April 26, 2004
The huge outpouring at the pro-choice rally on Sunday should send a signal to George W. Bush that he's in more trouble than he thinks.
It's not just that 800,000 or so protesters took to the nation's capital to defend the right to choose.
They were also there to denounce the policies of George W. Bush, which have been extremely hostile to women who need abortions. From depriving family planning groups overseas of much-needed money to banning the so-called partial-birth abortion procedure, Bush has marched in lockstep with the far right on this issue.
Now he and Karl Rove may think that's a winning strategy. Rove evidently lies awake at night wondering how to get every last vote from rightwing evangelical Christians.
But my hunch is that this strategy will backfire.
First of all, Bush has galvanized the pro-choice activists as no one else has since the passage of Roe v. Wade three decades ago. These activists will drag their sisters and their mothers and their aunts and their grandmothers and their daughters and their nieces to the polls on November 2, along with any other supporters they can find.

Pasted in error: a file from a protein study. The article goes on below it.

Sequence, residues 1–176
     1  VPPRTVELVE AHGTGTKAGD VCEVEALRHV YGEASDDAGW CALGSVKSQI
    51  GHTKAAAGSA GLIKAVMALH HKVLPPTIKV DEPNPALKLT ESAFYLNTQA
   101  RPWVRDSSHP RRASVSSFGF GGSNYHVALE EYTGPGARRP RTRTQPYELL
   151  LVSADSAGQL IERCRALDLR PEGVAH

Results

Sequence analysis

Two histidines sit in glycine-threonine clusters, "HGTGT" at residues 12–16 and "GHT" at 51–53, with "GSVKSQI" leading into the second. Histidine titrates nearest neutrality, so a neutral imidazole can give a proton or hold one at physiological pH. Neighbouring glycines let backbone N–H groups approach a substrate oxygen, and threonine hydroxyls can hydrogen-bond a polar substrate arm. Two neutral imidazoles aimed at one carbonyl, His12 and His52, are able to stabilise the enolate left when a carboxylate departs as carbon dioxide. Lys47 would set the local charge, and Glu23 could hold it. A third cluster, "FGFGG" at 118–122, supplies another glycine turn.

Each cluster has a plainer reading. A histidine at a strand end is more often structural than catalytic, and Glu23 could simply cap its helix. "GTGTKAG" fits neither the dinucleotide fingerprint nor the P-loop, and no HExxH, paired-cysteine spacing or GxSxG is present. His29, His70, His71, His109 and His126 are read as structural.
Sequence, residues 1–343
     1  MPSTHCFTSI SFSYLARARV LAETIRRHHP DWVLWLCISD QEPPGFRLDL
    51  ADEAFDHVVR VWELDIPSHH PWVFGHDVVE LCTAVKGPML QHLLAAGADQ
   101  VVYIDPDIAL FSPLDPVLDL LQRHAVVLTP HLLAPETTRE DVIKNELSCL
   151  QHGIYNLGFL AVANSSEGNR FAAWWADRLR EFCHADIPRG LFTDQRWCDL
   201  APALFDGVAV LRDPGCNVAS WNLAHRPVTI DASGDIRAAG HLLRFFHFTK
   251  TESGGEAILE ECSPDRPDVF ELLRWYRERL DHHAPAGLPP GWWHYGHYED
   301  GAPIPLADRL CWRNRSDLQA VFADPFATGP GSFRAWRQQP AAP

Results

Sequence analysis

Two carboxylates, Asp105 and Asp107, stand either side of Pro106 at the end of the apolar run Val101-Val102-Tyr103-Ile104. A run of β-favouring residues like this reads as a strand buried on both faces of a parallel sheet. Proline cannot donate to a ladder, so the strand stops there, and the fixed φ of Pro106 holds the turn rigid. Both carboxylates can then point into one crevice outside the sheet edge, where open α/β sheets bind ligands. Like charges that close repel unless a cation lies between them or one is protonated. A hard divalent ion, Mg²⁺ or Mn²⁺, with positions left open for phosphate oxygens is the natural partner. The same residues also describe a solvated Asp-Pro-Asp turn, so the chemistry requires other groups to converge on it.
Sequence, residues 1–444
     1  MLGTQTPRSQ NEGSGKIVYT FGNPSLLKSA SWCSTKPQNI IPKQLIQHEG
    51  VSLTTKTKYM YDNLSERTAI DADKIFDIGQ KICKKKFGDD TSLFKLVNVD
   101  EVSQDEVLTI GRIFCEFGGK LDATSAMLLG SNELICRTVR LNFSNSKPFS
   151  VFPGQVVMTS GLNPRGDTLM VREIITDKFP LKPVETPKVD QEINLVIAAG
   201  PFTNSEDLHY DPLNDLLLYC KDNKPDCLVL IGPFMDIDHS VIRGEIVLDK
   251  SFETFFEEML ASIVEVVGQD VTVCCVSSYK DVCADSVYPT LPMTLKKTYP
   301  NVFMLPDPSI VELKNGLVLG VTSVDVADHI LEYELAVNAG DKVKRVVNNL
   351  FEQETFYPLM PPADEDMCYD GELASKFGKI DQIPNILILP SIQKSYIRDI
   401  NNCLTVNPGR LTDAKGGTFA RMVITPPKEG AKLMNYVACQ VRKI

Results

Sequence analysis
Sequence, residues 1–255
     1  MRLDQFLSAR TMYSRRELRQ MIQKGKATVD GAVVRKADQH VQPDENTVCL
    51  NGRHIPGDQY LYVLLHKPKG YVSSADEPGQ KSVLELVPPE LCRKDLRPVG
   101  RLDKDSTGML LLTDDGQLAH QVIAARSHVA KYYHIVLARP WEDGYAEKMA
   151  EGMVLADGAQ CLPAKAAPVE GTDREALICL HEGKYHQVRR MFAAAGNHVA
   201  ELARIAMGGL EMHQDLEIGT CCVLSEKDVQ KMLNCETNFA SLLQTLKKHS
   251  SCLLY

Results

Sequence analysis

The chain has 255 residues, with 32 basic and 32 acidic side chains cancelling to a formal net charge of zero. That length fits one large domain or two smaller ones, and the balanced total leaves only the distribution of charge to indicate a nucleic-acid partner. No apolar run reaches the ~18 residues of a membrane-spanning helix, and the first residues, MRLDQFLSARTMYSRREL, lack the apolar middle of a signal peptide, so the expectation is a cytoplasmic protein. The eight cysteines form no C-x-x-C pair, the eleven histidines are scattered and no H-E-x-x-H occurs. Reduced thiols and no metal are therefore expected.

Secondly, Bush's hostility to this essential privacy and liberty right will alienate two important constituencies that he needs: independent women and moderate Republicans.
These voters may ultimately outnumber the rightwing evangelicals that Bush somehow failed to pick up last time.
But if Bush wins on the strength of that far right base, expect more reactionary policies in the next four years--and not just on the abortion issue